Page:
Ledbury Poetry Festival – Celebrating Diversity

Daljit Nagra reading poetry

A week after the UK voted to separate itself from the EU, people gathered in Ledbury to enjoy poetry from all over Europe and further afield. I attended the festival for just one day, and the highlight was a Versopolis event, which included poets from Britain, France, Germany, Croatia, Norway and Austria. Versopolis is an organisation which gives European poets the opportunity to reach new audiences, having their work translated and performing at festivals. The festival was, of course, planned long before the referendum took place, and yet it seemed like every aspect of it was designed to celebrate diversity, encourage cross-border collaboration and create links with Europe and other parts of the world.   

Karen McCarthy Woolf (UK), Kim Moore (UK), Judith Nika Pfeifer (Austria), Samantha Barendson (France)

Karen McCarthy Woolf (UK), Kim Moore (UK), Judith Nika Pfeifer (Austria), Samantha Barendson (France)

I particularly enjoyed Samantha Barendson’s performance. She was born in Spain, grew up in Argentina and Mexico and now lives in France. She read her work in French whilst Daljit Nagra read the translated English versions. They performed one poem entitled ‘Writing’ in which they read simultaneously, their voices intertwining and echoing each other. It ended with the succinct line:

“Writing is risking poetry. And living.”


Monica Aasprong (Norway), Andre Rudolph (Germany), Jonathan Edwards (UK), Goran (Croatia)

Monica Aasprong (Norway), Andre Rudolph (Germany), Jonathan Edwards (UK), Goran Čolakhodžić (Croatia)

I enjoyed hearing Kim Moore reading poems from a new sequence, entitled ‘All the men I never married’. She described one of them as “depressing”, but I found it quite poignant – observing pain and discord in the life of a stranger and attempting to ignore it, to pretend it didn’t happen. Although it was about domestic violence, it seemed also to be particularly relevant to the current refugee crisis which Britain seems to have forgotten about in recent days.

‘We Are All from Somewhere Else’

This event, with Daljit Nagra and Ruth Padel, included readings and discussion on the themes of India and migration. Daljit described the process of researching for his epic poem / collection ‘Ramayana’, explaining that there are numerous and varied versions of the story in different parts of the world, which began as part of the oral storytelling tradition. He read a poem which described the snootiness of a British Indian family travelling back to India to buy dowry gifts for a wedding, with the final line: “spinning a penny to some limbless in a bucket”.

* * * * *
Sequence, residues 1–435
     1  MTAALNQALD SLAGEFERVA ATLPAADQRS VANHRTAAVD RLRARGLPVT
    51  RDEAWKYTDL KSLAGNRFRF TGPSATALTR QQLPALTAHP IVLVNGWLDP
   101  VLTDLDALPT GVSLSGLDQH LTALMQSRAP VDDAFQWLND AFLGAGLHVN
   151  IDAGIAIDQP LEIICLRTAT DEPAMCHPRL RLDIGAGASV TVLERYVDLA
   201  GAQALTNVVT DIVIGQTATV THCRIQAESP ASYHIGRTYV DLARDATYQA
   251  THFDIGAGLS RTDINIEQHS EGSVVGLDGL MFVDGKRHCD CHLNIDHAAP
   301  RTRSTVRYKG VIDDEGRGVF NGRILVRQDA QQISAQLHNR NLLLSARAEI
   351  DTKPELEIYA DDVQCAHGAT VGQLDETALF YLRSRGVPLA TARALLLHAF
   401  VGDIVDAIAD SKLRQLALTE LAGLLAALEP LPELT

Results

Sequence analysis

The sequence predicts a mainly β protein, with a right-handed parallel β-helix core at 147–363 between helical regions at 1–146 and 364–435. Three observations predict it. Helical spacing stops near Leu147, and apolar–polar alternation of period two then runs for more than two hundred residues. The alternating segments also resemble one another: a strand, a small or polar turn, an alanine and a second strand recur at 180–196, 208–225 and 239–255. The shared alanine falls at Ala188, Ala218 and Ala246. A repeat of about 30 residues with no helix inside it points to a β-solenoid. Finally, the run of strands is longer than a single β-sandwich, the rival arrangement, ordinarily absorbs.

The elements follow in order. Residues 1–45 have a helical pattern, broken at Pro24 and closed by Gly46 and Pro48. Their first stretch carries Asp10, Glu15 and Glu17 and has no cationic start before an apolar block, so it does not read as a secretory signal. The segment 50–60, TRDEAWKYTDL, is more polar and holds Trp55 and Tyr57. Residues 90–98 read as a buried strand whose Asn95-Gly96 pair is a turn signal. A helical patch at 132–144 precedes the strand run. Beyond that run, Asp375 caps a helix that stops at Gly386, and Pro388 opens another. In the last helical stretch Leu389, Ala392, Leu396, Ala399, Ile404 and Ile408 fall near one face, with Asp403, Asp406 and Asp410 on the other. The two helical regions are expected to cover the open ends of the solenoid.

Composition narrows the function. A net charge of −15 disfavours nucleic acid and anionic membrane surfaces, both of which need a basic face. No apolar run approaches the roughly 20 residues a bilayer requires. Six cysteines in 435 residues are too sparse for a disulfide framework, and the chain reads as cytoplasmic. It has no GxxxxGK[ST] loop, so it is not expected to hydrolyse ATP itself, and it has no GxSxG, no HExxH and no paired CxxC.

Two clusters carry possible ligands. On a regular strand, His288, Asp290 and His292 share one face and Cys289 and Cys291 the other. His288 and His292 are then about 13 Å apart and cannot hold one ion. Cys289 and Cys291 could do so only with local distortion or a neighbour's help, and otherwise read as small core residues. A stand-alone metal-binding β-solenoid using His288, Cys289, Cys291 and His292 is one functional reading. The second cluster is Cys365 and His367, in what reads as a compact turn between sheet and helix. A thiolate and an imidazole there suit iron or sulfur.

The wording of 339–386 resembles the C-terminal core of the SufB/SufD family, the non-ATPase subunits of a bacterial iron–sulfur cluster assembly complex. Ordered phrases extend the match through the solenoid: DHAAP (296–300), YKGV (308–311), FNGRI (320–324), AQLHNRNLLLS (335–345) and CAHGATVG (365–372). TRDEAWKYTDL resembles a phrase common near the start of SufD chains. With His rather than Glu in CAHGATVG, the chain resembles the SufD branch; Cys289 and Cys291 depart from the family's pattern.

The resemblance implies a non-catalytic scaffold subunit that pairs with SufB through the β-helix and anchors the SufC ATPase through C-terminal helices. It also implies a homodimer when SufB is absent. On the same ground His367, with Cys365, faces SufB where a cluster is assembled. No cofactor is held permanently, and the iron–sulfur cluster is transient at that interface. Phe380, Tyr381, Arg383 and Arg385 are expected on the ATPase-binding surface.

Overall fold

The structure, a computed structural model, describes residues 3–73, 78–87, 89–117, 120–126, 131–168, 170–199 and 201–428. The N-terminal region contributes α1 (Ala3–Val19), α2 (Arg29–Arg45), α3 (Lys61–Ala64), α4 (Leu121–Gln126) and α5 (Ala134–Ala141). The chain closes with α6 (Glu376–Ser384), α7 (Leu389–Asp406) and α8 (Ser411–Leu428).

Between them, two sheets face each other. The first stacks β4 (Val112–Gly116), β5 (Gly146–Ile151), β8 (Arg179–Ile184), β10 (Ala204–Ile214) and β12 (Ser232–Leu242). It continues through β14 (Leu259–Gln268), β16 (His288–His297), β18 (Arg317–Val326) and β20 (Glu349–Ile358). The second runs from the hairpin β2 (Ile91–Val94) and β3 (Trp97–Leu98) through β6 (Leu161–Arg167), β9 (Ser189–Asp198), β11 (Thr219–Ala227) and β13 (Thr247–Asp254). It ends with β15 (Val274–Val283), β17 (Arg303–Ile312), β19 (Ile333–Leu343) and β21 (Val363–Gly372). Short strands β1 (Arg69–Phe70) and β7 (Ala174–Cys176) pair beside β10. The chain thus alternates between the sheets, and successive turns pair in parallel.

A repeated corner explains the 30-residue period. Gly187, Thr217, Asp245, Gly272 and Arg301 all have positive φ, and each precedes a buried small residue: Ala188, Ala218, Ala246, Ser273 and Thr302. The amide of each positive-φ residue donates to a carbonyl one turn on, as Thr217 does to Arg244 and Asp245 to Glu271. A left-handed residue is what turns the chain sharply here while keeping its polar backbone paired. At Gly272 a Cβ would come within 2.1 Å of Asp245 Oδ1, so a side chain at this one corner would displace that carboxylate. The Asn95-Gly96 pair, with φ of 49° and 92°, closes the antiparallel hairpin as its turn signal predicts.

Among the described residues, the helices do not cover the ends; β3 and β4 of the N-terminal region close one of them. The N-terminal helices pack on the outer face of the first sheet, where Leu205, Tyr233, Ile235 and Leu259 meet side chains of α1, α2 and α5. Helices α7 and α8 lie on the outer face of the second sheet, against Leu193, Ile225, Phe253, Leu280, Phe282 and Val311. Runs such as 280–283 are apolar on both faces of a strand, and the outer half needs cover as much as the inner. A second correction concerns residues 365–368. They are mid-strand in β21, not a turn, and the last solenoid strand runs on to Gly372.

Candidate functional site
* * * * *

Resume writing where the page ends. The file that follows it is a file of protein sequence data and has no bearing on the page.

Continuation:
PEN – Poetry in Protest

Ruth Padel reading poetry

Ruth Padel

Ruth Padel began her reading with a PEN poem (part of a campaign to highlight poets at risk around the world). It was written by Lu Xia who has been under house arrest since her husband won the Nobel Laureate for human rights work in 2010. She can’t speak to anyone or read her husband’s letters, and the media has only managed to speak to her once during the last six years.

Padel read some of her own poems on the theme of migration, including some which examine the migration flight of birds, such as the Bar-Headed Geese which fly over the Himalayas. Other poems were quite stark, exploring the horrific experiences of refugees.

Fleur Adcock reading poetry

Fleur Adcock

Fleur Adcock also read a poem by Lu Xia, about a child who is mute, and Hannah Lowe’s PEN poem was by Mahvash Sabet, one of seven Baha’i leaders currently serving prison sentences in Tehran. It felt strange, but necessary, to hear these disembodied voices from across the world, and fitted well with the theme of global diversity which seemed to run through the day.

Hannah Lowe read poems in the voice of her father, speaking about his own father, who was a Chinese shopkeeper living in Jamaica, and his Jamaican mother. She spoke about a new poetic form which she has recently coined ‘The Borderliner’ (a derogatory term which denotes someone of mixed race) in which two separate poems are printed side by side so they can be read both individually or as one poem.

In between events there was time to explore Ledbury’s beautiful walled garden, where all sorts of family friendly events were going on. The weather was sunny and warm, though windy, and I thoroughly enjoyed every minute. The Ledbury Poetry Festival continues for the rest of the week.

poetry periscope

The poetry periscope played poems from other languages together with translations

church lane at ledbury poetry festival

Church Lane decorated for the festival

Jiggery Spokery performing in the walled garden

Jiggery Spokery performing in the walled garden

poets for hire

Poets for hire

See my Facebook page for more photos…

Declaration: I received concession price tickets for two of the events

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